Last modified 01 / 12

GeoMan's Mineral and Rock Glossary


Metallic | H<2.5 | H 2.5 to 3.5 | H 3.5 to 5.5 | H >5.5 | Glossary | Tests | Index

Rock Summary | Igneous | Sedimentary | Metamorphic


Background Information

In simple terms, our planet is just a big ball of very hot stuff which, at the surface where it is exposed to space, has cooled to form crystalline solids (igneous rocks) composed of minerals. Minerals in turn are combinations of elements, which are made of smaller particles, which are made of smaller particles, which are made of..... who knows what.

To be classified as a mineral, a substance must be an inorganic, naturally formed solid, with a specific chemical formula and a fixed internal structure. For example, coal is not a mineral (it's organic), but snow meets all five (5) requirements and therefore is a mineral.

For additional information:

Community College level

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High School level

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Definition of terms as related to the fundamental organization of matter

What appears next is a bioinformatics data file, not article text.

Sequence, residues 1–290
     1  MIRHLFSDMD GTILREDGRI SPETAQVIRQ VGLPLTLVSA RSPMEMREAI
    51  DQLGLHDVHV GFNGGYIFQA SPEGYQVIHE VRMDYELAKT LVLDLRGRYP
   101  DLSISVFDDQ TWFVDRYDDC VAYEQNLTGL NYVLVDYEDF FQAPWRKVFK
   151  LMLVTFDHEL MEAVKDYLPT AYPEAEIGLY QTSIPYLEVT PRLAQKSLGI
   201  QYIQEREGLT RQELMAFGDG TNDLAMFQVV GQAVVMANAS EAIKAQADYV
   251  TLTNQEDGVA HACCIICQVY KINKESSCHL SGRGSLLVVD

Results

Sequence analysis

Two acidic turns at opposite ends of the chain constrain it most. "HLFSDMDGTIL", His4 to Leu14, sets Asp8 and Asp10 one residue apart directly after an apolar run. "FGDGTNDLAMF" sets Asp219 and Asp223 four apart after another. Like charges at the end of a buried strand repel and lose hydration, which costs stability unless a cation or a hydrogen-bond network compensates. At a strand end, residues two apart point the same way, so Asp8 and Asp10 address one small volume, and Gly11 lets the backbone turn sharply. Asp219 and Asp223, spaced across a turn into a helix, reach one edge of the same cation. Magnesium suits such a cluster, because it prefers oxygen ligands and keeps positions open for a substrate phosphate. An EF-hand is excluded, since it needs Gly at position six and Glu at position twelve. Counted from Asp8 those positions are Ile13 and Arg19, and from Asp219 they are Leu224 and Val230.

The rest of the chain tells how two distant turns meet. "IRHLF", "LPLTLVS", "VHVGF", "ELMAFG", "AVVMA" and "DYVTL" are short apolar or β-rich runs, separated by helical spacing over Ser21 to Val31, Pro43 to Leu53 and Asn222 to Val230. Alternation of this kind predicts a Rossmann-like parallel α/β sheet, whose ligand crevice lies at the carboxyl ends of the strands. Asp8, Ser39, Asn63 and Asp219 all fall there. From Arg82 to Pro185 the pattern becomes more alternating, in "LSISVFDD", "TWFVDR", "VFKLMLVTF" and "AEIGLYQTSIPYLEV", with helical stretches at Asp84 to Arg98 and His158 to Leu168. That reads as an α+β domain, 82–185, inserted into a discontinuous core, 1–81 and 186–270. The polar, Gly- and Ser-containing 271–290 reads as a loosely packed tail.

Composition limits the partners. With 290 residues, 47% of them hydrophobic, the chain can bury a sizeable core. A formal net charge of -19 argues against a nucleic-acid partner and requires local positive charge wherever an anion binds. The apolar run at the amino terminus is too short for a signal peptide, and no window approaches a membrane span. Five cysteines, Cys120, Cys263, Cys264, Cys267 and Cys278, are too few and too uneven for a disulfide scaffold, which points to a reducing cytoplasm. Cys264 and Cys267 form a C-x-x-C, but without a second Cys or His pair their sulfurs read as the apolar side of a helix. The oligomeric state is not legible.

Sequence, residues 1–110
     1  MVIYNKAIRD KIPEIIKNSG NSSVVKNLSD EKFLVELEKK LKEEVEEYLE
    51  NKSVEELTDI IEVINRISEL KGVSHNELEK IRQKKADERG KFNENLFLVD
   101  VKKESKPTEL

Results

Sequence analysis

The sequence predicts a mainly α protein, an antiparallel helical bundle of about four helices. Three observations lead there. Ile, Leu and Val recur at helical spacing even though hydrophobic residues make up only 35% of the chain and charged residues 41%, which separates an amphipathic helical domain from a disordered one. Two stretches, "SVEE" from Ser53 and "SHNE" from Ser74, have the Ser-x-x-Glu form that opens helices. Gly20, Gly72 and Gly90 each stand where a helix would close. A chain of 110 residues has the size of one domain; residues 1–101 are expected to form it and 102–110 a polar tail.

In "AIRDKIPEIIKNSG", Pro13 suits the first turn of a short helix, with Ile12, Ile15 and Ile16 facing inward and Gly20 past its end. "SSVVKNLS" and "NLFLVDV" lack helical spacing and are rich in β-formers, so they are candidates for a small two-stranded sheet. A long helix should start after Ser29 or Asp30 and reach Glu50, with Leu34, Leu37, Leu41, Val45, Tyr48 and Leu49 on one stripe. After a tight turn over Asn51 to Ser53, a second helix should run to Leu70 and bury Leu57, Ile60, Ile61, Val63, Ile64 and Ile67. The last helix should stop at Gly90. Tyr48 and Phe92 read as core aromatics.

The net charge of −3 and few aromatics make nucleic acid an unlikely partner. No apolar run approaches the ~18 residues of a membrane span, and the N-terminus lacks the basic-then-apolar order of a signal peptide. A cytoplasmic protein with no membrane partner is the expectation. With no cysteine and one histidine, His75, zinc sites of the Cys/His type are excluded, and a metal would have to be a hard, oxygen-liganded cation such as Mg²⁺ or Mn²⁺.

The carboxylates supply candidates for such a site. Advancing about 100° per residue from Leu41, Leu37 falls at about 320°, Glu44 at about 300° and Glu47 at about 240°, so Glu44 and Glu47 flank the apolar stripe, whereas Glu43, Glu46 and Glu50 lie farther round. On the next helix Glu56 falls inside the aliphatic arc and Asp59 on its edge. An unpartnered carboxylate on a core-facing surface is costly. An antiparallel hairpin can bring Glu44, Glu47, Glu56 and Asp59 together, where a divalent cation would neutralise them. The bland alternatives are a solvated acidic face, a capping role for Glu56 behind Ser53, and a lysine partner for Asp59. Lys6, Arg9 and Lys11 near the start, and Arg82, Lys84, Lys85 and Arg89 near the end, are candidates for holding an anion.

Atom: Composed of protons, electrons and neutrons

Crystallization: Liquid to solid phase change

Density: Mass divided by volume

Electron: Negatively charged particles surrounding the nucleus of an atom. Has an atomic mass of nearly zero (0).

Elements: Definable substances composed of atoms

Magma: Liquid rock

Mass: The amount of stuff

Matter: Anything which has mass and occupies space

Minerals: Solid matter composed of elements in specific combinations and arrangements

Neutron: Non-charged particle found in the nucleus of an atom. Has an atomic mass of one (1).

Phase change: Based on temperature (and pressure) all matter can exist in one of 4 separate phases - solid, liquid, vapor, or plasma

Proton: Positively charged particle found in the nucleus of an atom. Has an atomic mass of one (1).

Rocks: Composed of minerals in specific combinations

Sub-atomic particles: Fundamental building block of matter, including quarks and such

Volume: How much space is occupied by a mass


To summarize solid matter


-- is made of --


-- which are made of --


-- which are made of --


-- which are made of --


-- which are made of --

protons, neutrons, & electrons

-- which are made of --

subatomic particles